The first railroad to come through Eastern Tennessee was the East Tennessee and Virginia Railroad which was chartered in 1849. Many families along the proposed route bought the initial stock in the railroad, pledging their personal fortunes as collateral. Construction began in 1855 with one section of the railway beginning in Bristol and another in Knoxville. Key elected officials and political leaders such as Tennessee Governor Andrew Johnson (a future U.S. President) and Landon Carter Haynes (a future Confederate Senator) were strong supporters of railway development in Northeast Tennessee.
Realizing the potential of the new railroad, Henry
Johnson bought property at the junction of the proposed rail line and
the stagecoach route between Elizabethton and Jonesborough in 1854. He
built a store, depot, post office, and residence all on his half-acre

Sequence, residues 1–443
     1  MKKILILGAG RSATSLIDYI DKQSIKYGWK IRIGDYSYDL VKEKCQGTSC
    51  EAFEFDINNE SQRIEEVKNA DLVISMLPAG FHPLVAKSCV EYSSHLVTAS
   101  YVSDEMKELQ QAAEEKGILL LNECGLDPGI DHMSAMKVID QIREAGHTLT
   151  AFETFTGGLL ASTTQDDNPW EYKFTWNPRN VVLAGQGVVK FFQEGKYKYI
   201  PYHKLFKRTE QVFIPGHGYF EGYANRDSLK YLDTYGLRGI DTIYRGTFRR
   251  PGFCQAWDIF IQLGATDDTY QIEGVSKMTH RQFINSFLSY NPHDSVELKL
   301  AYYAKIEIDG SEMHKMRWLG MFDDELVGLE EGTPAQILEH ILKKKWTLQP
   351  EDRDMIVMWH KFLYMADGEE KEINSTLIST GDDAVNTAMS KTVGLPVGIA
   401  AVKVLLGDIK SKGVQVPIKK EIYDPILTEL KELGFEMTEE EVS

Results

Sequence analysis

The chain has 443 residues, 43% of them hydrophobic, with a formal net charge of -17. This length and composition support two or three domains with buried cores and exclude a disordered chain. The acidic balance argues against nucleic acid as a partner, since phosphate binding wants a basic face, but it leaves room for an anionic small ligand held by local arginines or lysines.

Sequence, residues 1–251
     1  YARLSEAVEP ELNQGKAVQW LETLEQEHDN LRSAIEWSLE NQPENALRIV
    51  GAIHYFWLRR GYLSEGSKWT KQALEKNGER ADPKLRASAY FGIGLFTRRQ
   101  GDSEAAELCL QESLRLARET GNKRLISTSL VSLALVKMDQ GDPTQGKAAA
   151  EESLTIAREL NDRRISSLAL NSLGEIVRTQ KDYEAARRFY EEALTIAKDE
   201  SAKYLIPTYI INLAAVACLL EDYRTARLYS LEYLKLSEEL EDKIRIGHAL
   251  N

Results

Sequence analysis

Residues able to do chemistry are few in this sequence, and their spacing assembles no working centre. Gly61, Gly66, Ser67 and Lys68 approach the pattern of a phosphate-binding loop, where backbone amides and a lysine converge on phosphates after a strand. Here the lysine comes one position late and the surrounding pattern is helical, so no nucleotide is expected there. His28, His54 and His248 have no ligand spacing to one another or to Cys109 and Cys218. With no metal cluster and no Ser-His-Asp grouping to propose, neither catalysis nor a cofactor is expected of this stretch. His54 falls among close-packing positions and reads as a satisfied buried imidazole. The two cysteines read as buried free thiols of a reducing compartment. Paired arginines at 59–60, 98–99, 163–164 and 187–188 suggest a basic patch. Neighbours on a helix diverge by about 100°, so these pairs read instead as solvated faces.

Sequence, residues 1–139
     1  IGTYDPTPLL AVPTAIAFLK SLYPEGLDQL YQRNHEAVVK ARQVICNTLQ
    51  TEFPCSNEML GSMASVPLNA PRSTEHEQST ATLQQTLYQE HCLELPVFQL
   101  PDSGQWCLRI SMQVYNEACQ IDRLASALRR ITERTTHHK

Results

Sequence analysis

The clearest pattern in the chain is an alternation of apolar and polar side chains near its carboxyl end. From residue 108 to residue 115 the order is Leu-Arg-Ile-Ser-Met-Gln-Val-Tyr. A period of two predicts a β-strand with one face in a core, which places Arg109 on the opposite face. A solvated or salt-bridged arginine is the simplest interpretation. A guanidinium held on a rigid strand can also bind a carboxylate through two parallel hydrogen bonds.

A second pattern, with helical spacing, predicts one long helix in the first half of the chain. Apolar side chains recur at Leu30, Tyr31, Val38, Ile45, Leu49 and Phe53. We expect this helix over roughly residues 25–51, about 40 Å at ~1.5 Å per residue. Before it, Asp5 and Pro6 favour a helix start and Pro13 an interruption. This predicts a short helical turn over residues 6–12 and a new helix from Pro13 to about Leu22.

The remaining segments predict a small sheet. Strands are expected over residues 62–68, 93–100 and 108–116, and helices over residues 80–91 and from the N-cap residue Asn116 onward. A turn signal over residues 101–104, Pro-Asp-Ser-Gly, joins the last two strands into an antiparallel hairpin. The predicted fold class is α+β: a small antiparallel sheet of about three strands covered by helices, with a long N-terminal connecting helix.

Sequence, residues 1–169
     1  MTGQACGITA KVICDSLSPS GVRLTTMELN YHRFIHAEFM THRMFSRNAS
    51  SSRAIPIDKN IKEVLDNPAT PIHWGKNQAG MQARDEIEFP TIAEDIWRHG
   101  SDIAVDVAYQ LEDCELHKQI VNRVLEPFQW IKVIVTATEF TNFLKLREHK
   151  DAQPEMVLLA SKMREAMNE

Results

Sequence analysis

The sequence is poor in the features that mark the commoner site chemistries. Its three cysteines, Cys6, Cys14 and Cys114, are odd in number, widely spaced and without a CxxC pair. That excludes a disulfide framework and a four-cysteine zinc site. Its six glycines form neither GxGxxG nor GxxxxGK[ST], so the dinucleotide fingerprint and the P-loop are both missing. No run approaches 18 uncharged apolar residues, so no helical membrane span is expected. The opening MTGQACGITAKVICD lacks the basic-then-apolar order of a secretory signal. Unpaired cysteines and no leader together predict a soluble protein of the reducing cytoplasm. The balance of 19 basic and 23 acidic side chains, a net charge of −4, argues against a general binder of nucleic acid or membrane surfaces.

lot purchased from Abram Jobe for $50. Trains stopped to take on water
for steam engines and the village became known as "Johnson's Tank"
and later as "Johnson's Depot." A few other residences and stores
were built prior to the Civil War.
"Johnson's Depot" was an appropriate name for the small village. Henry Johnson built the small railway depot, freight station, and post office at his own expense. His place of business also served as a hotel, restaurant, and store and Henry is reported to have welcomed travelers at any time including those who were without the means to pay for lodging.
HOWEVER .... without the monumental efforts of other leaders and citizens of Washington County, Henry would have had no reason to build his modest depot. The story of the East Tennessee and Virginia Railroad is one of incredible tenacity and aggressive efforts to pursue railway development, a relatively new form of transportation for a region sorely lacking in river facilities and waterways.